An average of 12 patients a day visited the emergency room in 2012, but only two or three a day truly need emergency care, said James Donovan, chief executive of Lincoln County Healthcare, which owns St. Andrew’s.

Dr. Tim Fox, director of the emergency department, said on some winter days he works a 24-hour shift and sees one patient.

But locals tell emotional stories of the emergency care they received. There’s Tammy Chubbuck, 47, a hotel manager who has chronic heart disease. St. Andrew’s saw her through three heart attacks.

Or Daniel Jameson, 87, a Korean war veteran and retiree from Raytheon Co. who once cut off the tip of his finger with a saw. His wife drove him down the road to St. Andrew’s, where doctors reattached it.

Scott Lash said his emergency medical services team must work longer shifts to manage longer transportation times.

Greta Rybus for the Boston Globe

Scott Lash said his emergency medical services team must work longer shifts to manage longer transportation times.

Most residents don’t call ambulances because they live so close to the waterfront hospital, which overlooks an inlet full of bobbing sailboats. Now the nearest emergency room will be at Miles Memorial Hospital in Damariscotta, a small hospital itself where patients cannot stay longer than four days. Many will end up at a larger hospital in Portland 54 miles away.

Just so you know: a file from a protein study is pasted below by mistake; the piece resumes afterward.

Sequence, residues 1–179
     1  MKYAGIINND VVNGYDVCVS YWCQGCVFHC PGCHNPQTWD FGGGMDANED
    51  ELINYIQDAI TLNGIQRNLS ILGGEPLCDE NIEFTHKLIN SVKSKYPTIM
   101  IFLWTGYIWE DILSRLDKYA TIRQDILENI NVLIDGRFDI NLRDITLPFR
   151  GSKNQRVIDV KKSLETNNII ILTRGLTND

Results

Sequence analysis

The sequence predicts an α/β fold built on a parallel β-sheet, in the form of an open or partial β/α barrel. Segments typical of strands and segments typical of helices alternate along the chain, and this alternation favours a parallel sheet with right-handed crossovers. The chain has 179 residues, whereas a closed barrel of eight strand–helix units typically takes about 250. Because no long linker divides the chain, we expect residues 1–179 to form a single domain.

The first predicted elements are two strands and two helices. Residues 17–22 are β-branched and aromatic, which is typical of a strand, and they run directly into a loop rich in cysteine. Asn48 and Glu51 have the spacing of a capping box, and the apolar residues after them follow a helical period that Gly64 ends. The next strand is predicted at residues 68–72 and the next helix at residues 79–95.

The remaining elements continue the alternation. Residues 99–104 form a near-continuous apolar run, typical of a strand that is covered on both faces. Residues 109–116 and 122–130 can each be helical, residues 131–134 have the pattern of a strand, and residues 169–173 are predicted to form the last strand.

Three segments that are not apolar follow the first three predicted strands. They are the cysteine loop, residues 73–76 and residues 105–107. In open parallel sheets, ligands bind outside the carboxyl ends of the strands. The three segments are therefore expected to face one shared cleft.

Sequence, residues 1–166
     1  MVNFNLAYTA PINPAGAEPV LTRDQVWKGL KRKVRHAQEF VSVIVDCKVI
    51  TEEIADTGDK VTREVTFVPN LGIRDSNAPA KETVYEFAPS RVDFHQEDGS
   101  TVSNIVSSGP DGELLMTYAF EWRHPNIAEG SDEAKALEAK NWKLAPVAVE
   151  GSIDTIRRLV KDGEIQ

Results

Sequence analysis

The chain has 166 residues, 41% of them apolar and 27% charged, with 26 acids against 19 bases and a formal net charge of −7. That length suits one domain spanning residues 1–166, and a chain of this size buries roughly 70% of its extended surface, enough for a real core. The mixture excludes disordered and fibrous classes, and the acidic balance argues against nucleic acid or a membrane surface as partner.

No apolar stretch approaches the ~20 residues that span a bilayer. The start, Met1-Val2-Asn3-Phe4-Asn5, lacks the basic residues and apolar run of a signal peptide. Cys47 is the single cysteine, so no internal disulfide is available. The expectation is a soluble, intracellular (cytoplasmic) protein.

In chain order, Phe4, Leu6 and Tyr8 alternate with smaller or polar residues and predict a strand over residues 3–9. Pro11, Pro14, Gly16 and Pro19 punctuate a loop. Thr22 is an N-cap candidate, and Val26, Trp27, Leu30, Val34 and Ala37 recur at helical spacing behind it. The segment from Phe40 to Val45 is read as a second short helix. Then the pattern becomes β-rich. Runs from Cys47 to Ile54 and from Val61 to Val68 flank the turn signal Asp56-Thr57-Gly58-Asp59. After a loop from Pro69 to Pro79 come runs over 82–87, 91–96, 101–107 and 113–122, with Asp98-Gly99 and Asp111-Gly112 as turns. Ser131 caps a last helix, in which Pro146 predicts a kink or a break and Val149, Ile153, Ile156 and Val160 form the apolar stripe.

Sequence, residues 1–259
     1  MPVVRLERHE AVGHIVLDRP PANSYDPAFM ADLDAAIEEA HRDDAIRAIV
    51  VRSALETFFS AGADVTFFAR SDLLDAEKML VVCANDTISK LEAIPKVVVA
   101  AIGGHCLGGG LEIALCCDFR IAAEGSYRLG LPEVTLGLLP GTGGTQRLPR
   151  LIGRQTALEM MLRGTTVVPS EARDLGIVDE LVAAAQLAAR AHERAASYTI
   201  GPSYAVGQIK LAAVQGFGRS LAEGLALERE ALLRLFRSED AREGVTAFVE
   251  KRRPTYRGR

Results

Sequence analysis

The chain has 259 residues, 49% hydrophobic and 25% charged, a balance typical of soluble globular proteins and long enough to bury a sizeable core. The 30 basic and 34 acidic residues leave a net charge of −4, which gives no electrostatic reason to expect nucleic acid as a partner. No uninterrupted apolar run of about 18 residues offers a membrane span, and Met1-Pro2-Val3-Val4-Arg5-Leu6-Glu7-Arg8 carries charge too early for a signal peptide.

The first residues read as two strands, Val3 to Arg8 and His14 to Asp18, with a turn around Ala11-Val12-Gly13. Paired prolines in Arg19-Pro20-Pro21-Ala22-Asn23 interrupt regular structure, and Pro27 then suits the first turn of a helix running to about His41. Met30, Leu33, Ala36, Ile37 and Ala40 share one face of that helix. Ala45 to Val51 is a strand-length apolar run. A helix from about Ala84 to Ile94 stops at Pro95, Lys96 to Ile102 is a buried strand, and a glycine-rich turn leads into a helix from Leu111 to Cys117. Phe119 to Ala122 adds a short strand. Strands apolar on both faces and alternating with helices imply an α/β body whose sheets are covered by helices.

Townspeople are afraid of losing doctors who know them and linger to chat, of waiting in long lines at Miles’s emergency room, of not being able to sit with a dying parent during lunch hour. They’re writing letters to the editor, raising money, even interviewing directors of other hospitals to learn about community health care.

“They have not given up,” said Lisa Conn, a nurse at St. Andrew’s. “They have surprised me with how strongly this community feels about saving the hospital.”

Boothbay Health and Wellness Foundation, a community group, is most vociferously challenging the closing. Yet, its chances appear remote. Short of “chaining ourselves to the door,” said foundation president Patricia Seybold, the group may not succeed. She said she is not ready to divulge any future legal strategy.

“Nothing can fill the gap of an emergency room down here,” said Dr. Nancy Oliphant, the only private practice doctor in Boothbay and a former St. Andrew’s physician.

Oliphant told of a patient having a heart attack who drove himself to her office with his wife, who was in a wheelchair and could not be left alone. Oliphant and her husband got the man and his wife to the emergency room, then drove the couple’s car back home, parked it, locked their garage, and closed the house.

“That’s not going above and beyond the call of duty,” she said. “That’s just small-town medicine.”

But medicine is changing, even if that means losing “some of the things that are really nice about small towns,” said Dr. Mark Fourre, medical director of Lincoln County Healthcare. The company owns both St. Andrew’s and Miles and is part of MaineHealth, the state’s largest hospital network.

“People in Boothbay are exactly right: You have to wait longer, and it’s inconvenient to drive to Miles,” he said, while noting that the changes are in line with national trends.